“EPA must prioritize the immediate removal of lead-sheathed cables accessible to children or strung overhead between telephone poles,” said Tom Neltner, senior director for safer chemicals at EDF. “These cables pose the greatest exposure risk to lead, and they can be easily fixed. For the underwater cables, EPA should assess the risk, prioritizing those in sources of water protected for drinking.” 

The groups maintained that without EPA intervention, they expect that the risk posed by the cables will increase as they deteriorate further and release lead into the environment. 

"We have personally visited over 300 sites with lead-sheathed cables in communities across America,” said Seth Jones, co-founder of Below the Blue and President of MTS. “Research suggests that there are potentially thousands of other abandoned cables across the country. Given the number of cables identified across nine states, this is not a situation that can be addressed locally. We all need to know how big a problem this truly is for our country."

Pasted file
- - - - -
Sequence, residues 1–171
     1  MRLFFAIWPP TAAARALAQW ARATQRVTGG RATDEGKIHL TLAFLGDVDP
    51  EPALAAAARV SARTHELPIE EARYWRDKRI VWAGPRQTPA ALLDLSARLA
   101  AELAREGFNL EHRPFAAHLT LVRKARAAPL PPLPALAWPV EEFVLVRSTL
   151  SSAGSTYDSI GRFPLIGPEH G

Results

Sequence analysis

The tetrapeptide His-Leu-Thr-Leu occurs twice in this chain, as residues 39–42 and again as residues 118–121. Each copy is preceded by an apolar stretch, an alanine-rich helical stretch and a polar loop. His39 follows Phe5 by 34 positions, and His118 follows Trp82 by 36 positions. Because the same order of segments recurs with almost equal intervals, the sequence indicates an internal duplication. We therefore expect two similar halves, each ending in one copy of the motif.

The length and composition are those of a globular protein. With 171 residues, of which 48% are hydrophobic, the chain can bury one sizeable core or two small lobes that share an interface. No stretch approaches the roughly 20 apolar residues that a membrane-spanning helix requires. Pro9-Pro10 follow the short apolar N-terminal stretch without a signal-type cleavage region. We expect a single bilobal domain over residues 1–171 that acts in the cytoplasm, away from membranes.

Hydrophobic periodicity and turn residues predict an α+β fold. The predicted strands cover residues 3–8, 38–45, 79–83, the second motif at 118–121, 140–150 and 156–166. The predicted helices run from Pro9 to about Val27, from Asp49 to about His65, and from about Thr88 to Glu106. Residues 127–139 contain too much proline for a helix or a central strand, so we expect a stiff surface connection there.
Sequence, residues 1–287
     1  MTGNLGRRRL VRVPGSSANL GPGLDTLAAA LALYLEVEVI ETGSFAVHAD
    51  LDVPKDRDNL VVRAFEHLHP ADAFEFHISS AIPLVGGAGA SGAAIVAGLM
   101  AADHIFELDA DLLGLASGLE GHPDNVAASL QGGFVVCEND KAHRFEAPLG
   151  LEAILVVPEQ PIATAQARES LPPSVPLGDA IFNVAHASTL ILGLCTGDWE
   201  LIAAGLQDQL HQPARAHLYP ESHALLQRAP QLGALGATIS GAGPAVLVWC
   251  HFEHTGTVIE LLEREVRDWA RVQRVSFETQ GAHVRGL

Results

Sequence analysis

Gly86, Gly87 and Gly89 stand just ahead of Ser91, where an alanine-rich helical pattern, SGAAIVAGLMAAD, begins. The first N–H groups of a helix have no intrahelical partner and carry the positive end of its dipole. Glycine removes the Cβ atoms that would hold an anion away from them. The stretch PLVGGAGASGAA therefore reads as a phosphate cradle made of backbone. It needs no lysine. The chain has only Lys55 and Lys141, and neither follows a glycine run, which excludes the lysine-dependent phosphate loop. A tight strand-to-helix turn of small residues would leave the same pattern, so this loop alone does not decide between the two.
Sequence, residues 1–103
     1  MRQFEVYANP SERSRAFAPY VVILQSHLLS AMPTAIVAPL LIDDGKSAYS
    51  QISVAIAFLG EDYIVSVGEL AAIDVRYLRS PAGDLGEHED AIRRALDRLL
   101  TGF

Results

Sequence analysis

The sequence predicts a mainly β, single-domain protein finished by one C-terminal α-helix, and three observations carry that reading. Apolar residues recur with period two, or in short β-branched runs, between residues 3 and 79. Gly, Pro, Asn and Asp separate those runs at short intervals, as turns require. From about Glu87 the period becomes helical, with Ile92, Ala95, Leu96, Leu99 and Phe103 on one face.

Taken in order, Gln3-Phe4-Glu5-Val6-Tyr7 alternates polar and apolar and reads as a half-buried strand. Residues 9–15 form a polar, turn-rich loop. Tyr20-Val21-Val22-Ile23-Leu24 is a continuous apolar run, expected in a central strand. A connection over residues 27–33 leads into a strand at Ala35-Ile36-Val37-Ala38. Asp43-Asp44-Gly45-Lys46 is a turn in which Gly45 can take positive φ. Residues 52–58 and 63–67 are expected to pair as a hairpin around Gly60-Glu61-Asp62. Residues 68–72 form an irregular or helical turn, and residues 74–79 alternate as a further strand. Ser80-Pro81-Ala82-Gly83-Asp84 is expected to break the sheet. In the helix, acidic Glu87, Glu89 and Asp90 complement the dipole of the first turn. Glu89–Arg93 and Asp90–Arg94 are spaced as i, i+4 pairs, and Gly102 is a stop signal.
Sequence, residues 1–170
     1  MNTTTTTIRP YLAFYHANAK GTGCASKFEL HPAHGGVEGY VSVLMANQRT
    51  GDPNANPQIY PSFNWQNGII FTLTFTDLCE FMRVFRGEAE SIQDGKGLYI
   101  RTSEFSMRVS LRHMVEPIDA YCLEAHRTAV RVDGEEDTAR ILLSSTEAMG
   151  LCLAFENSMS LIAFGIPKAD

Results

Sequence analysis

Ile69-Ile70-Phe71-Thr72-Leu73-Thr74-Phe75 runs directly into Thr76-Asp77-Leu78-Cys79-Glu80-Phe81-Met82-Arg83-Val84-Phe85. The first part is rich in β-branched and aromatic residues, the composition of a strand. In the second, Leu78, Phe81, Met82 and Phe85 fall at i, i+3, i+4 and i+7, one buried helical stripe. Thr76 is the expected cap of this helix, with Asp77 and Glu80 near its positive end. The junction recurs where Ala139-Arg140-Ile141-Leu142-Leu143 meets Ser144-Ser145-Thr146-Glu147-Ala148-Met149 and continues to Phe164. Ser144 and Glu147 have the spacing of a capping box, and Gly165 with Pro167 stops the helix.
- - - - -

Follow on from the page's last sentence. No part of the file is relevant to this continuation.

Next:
While the extent of lead-encased cables in use is yet to be determined, TD Cowen expects that a prolonged process will include telcos self-auditing, political debates and potential lawsuits. The eventual outcome could be influenced by various factors, among them who takes over the White House in January 2025, which the analyst group said “will naturally be of importance.”

Nonetheless, TD Cowen noted that telcos' “weight and stature,” along with their national significance as employers and service providers, will likely prevent regulators from forcing them into bankruptcy.

7/18/23: This article was updated with additional comment from US Telecom.